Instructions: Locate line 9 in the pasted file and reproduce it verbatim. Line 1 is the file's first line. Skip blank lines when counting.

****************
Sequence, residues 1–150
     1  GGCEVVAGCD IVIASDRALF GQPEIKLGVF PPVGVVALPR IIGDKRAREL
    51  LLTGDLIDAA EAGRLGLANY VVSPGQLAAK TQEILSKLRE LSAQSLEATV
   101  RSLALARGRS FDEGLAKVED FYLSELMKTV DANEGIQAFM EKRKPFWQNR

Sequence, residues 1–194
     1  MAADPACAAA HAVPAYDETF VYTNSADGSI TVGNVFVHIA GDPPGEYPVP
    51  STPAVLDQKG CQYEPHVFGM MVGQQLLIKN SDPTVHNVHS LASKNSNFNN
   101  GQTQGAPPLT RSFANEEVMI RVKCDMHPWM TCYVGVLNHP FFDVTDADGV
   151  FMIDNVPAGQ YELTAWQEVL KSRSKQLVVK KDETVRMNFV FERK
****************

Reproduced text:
   151  FMIDNVPAGQ YELTAWQEVL KSRSKQLVVK KDETVRMNFV FERK